Most movies about junkies tend in the same direction - downward. "Clean," written and directed by Olivier Assayas and starring his former wife Maggie Cheung, is a rare example of a film where the drug addict secures a second chance.
Much of the story is familiar but this is only because, as is so often the case with films concerning junkies and their families, the course of the disease is agonizingly similar.
Emily (Cheung), who has just lost her longtime rock musician boyfriend Lee to a heroin overdose, is incarcerated for six months after the police bust her for possession. She and Lee have a young boy, Jay, who has been living with Lee's parents in Canada. Until she cleans up her act, she is prohibited by Lee's father Albrecht (Nick Nolte) from seeing the child. To pull herself together she decamps to her old bohemian stomping grounds in Paris - only to fall back into drug dependency.
Cheung's performance is extraordinarily subtle. She captures Emily's hair-trigger emotions, the way she rockets back and forth between jitteriness and malaise. Part of her behavior is obviously drug-induced, but Emily is often also this way even when she's clean. You get the feeling that life could go any which way for her at any time. Her ecstatic delight when she hears that Albrecht will be bringing her boy to visit her is countered by her despair at what could go wrong.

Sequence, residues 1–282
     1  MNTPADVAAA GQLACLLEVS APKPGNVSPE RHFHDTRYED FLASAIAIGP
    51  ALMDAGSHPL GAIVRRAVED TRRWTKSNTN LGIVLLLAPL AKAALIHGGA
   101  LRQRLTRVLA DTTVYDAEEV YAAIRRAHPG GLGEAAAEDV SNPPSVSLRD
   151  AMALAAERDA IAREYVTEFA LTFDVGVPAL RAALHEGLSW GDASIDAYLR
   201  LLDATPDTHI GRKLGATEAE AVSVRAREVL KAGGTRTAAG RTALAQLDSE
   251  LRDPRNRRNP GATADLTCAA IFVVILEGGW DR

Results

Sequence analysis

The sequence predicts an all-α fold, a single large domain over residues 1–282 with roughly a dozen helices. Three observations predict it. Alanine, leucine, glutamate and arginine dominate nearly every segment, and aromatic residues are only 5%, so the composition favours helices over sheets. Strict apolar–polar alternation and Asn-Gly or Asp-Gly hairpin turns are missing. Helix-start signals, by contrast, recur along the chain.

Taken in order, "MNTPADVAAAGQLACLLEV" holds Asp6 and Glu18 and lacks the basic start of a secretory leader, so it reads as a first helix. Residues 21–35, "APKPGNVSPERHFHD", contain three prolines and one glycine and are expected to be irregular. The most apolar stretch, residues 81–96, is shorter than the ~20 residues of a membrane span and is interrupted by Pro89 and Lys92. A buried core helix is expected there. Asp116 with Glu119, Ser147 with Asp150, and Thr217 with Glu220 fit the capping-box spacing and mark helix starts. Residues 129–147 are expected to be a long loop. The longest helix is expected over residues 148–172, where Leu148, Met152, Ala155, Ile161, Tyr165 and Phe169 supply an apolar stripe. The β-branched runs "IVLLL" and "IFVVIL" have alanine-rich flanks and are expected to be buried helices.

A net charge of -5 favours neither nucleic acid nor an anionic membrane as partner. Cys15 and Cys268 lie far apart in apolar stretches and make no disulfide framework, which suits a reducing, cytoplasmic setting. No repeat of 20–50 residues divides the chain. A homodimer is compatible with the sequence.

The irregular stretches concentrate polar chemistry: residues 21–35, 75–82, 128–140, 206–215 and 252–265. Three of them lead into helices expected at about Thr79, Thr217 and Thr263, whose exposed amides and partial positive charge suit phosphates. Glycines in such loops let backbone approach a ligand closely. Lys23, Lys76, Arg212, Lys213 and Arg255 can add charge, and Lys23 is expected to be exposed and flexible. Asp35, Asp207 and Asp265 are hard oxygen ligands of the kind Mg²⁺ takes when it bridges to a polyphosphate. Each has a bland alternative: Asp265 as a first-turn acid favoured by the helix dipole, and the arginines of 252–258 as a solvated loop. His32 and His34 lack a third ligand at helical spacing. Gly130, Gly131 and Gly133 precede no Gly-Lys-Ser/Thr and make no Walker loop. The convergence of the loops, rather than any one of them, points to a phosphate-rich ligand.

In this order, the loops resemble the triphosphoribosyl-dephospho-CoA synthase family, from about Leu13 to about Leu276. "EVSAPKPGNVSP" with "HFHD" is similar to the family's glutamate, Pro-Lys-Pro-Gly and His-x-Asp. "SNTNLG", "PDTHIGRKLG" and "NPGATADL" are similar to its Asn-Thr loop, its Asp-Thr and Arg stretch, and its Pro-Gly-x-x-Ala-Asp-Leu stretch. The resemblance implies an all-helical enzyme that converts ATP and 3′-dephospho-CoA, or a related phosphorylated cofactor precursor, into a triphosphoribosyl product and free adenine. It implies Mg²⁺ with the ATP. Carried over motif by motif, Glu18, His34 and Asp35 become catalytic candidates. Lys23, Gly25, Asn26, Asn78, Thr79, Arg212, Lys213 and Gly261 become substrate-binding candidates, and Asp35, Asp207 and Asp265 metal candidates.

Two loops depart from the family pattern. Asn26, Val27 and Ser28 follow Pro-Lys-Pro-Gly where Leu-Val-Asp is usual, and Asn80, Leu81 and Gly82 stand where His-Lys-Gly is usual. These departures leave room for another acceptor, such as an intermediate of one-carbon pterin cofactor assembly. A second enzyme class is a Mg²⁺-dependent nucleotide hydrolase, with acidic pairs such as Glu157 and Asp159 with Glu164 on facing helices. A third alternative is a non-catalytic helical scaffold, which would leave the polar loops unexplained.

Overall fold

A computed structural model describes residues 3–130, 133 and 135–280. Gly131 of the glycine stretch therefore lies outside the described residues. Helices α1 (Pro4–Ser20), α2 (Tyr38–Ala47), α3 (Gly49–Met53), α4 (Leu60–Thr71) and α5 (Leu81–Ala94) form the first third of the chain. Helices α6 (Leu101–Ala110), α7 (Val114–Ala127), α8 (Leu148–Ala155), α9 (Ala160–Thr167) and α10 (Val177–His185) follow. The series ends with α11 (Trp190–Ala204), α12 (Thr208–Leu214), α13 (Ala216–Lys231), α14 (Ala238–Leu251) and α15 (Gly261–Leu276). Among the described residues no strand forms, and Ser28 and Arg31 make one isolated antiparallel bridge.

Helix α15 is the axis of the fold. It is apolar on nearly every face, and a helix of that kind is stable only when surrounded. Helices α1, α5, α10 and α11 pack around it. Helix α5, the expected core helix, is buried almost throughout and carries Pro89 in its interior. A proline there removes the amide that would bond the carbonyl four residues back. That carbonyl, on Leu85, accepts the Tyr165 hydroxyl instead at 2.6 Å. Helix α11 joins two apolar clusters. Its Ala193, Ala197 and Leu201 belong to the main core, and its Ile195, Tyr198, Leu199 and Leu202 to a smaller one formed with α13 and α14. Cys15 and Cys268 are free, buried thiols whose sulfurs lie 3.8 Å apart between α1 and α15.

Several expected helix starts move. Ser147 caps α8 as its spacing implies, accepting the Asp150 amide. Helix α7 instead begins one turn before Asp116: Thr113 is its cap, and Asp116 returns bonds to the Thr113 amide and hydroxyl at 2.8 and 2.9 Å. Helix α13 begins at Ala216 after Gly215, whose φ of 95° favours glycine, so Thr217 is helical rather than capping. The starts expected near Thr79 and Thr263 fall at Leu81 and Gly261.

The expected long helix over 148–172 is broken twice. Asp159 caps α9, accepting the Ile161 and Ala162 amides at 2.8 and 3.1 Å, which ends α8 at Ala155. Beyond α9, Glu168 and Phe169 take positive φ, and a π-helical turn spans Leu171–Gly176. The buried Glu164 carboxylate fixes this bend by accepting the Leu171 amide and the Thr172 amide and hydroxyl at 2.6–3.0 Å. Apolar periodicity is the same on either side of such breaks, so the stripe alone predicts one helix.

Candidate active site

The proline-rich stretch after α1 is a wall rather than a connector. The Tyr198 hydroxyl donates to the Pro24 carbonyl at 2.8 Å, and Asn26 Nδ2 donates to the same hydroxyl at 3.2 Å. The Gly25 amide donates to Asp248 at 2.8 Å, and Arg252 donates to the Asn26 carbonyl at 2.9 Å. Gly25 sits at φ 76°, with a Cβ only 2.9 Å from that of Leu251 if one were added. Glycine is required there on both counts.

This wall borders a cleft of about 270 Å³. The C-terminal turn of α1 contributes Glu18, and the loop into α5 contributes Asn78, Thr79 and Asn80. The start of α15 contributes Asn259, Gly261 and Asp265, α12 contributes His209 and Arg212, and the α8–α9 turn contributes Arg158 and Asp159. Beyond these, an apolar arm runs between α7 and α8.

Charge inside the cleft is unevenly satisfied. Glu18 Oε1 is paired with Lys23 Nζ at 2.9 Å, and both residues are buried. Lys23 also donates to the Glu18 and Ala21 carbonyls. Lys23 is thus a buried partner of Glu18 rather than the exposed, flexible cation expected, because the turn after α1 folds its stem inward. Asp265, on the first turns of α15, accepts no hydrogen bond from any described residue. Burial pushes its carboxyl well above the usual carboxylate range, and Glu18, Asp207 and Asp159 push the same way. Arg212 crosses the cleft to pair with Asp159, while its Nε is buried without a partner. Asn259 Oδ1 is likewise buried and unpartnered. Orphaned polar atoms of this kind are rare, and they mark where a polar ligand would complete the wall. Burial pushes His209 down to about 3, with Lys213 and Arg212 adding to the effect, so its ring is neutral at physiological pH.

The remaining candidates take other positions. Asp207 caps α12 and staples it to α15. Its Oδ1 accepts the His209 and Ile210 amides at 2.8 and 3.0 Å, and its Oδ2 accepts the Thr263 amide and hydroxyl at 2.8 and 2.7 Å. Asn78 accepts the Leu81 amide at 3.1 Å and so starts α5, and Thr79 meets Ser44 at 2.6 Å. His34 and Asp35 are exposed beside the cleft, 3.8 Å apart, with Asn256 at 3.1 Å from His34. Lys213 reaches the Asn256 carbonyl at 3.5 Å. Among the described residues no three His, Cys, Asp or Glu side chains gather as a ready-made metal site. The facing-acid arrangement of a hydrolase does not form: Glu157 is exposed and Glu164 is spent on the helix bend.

Emily has reason to be alarmed. Jay mistakenly holds his mother responsible for his father's overdose and wants nothing to do with her. It is Albrecht who convinces the boy that he cannot live with his grandparents forever and that he will need a mother. Nolte at first comes across in his familiar brawling mode but his performance reveals Albrecht to be a man of deep and caring conviction. For most denizens of the drug world, it is a given that junkies - like people in general - don't change. Albrecht thinks otherwise. "I believe in forgiveness," he says to Maggie, and his magnanimity is so soulful, and her love for her child so pungent, that she responds to the call.
Assayas doesn't sugarcoat Emily's difficulties, and the film's denouement is by no means unequivocal. But this is one of the rare movies where a character's spiritual redemption doesn't seem like a plot convenience. Maybe this is because Assayas lets us see just how hard won Emily's victory is and how much fighting still remains. Grade: A-
• Rated R for drug content, language, and brief nudity.